Fatherly care

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Years ago I had the fortunate opportunity to work with a professional nature photographer, Peter van der Wolf. He had a highly developed sense of animal behavior, and this helped him, for example, to trace nests of breeding birds. With his assistance I have been able to record this shot of a nest of white-tailed-hawks (Geranoaetus albicaudatus). The trick for this type of recording is to use a shelter tent, but the animals have to get used to it first. After about a week the recording effort can start. The cameraman needs to be escorted to the tent by a second person, and that person must then leave. The birds will assume that everyone is gone, and they will resume their normal behavior quickly.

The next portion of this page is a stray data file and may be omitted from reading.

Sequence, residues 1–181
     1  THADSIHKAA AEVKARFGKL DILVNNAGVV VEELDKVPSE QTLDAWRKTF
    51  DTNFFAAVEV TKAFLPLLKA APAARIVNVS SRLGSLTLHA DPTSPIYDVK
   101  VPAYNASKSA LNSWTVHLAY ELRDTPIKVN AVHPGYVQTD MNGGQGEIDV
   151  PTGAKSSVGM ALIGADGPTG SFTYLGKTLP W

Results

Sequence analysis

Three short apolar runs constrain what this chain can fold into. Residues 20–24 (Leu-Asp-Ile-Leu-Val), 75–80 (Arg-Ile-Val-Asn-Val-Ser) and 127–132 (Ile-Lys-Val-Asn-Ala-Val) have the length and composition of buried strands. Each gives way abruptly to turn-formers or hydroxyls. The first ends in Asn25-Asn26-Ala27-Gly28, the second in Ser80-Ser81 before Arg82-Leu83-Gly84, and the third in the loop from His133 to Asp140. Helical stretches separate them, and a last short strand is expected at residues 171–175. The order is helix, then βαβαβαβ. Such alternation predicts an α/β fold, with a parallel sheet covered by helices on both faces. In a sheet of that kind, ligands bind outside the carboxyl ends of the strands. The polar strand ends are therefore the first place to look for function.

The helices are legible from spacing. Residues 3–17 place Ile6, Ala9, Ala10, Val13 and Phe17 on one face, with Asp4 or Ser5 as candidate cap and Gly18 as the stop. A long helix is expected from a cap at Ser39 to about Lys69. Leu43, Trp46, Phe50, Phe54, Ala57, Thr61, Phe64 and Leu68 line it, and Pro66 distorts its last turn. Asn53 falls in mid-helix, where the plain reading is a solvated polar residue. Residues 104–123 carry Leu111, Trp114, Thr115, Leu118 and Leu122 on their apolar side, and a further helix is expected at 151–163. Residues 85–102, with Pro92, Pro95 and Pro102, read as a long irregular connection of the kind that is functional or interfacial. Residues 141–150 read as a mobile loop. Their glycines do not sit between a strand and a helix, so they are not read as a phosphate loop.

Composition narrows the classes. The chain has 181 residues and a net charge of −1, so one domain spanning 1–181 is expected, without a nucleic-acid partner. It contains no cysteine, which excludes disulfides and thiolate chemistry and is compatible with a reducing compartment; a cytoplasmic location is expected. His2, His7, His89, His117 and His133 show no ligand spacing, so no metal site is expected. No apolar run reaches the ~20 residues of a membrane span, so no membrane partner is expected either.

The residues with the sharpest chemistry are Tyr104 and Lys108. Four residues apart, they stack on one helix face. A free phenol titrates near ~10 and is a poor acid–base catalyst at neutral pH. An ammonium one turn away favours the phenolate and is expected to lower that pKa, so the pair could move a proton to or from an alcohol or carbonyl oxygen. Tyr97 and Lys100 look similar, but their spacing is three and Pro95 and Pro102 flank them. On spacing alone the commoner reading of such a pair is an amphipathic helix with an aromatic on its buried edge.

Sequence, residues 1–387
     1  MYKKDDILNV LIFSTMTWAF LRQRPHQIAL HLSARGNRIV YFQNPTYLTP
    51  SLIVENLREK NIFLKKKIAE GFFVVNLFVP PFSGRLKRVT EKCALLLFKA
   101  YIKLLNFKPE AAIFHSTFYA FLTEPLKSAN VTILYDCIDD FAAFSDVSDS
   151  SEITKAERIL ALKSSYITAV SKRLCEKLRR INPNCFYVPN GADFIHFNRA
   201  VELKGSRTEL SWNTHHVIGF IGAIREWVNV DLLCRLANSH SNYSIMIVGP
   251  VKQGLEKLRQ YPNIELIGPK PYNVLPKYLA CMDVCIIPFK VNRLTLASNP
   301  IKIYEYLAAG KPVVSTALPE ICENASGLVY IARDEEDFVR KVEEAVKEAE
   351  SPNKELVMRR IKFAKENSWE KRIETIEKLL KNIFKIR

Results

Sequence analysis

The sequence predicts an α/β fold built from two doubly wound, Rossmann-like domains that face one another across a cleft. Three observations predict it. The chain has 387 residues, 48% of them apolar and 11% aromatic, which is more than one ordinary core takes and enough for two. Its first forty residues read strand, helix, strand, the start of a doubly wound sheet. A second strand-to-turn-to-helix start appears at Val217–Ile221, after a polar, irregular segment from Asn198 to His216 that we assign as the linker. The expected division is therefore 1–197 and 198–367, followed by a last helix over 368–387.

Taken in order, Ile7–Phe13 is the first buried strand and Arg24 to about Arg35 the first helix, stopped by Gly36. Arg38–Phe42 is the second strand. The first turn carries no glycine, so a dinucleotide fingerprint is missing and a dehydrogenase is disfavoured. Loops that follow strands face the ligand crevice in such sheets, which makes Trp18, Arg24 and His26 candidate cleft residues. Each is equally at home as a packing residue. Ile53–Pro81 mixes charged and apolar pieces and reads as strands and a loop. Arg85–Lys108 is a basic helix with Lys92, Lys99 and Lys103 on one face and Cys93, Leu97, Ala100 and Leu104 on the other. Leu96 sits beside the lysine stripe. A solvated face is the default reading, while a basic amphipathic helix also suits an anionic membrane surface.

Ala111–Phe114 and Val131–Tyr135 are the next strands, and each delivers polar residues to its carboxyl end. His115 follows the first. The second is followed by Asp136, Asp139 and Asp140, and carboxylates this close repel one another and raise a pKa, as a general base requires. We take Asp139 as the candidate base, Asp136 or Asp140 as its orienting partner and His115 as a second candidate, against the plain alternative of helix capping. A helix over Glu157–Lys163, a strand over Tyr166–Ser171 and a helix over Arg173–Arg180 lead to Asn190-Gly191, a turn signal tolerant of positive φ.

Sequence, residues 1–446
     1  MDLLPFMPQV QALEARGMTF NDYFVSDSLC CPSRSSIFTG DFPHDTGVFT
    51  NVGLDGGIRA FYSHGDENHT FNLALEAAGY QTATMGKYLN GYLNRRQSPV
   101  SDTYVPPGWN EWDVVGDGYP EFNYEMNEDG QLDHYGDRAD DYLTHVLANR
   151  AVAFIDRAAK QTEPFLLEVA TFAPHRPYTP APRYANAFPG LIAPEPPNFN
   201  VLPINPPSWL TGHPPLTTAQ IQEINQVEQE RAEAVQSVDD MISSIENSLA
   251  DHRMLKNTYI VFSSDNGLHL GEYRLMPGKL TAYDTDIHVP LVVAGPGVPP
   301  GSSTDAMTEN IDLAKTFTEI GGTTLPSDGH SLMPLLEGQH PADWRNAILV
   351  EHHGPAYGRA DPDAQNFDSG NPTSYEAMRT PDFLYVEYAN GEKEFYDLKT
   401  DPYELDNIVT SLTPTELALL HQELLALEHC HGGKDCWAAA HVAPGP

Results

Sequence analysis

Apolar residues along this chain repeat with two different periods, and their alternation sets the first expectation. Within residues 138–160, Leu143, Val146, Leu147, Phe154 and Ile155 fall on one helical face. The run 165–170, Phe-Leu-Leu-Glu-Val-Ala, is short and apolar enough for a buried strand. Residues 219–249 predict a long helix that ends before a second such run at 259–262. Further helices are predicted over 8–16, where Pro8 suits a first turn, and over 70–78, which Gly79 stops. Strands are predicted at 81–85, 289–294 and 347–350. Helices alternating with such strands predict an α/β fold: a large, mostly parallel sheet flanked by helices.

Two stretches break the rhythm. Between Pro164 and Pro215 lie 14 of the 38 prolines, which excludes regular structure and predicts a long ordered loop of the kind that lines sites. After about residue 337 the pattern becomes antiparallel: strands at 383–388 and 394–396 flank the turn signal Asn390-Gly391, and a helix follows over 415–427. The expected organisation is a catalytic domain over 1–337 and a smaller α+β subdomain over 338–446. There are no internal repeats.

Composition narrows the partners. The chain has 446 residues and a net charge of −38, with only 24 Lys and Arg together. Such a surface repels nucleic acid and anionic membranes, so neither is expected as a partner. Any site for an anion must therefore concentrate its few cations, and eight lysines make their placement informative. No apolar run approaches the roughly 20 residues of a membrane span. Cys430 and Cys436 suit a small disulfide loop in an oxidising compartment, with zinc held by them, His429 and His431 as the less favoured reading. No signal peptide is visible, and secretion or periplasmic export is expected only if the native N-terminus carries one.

As with most wildlife photography projects, that day the circumstances did not fully cooperate. Of course you want to capture as much behavior as possible. Breeding in the tropics is primarily with the aim to regulate the temperature of the eggs. The birds do this by repeatedly sitting on the eggs and leaving, to let them cool for a while. I knew this, so I had hoped for a lot of action. Unfortunately the weather had other ideas. After the male (a couple of white-tailed-hawks stay together for life and do everything together, even breeding) settled himself cosily on the eggs and performed his task for about fifteen minutes his beak started to open, which is a sign that the animal is getting too warm. I really thought that a spectacular flight-shot would be mine, but right at that moment it began to drizzle softly. Dad cooled somewhat, and decided to stay put. When I was picked up from my shelter tent three hours later, he was still there.

We kept on following this nest for a while, but since this was the first breeding attempt of this young couple, their two eggs did not hatch, and were quickly abandoned.

Leon Pors

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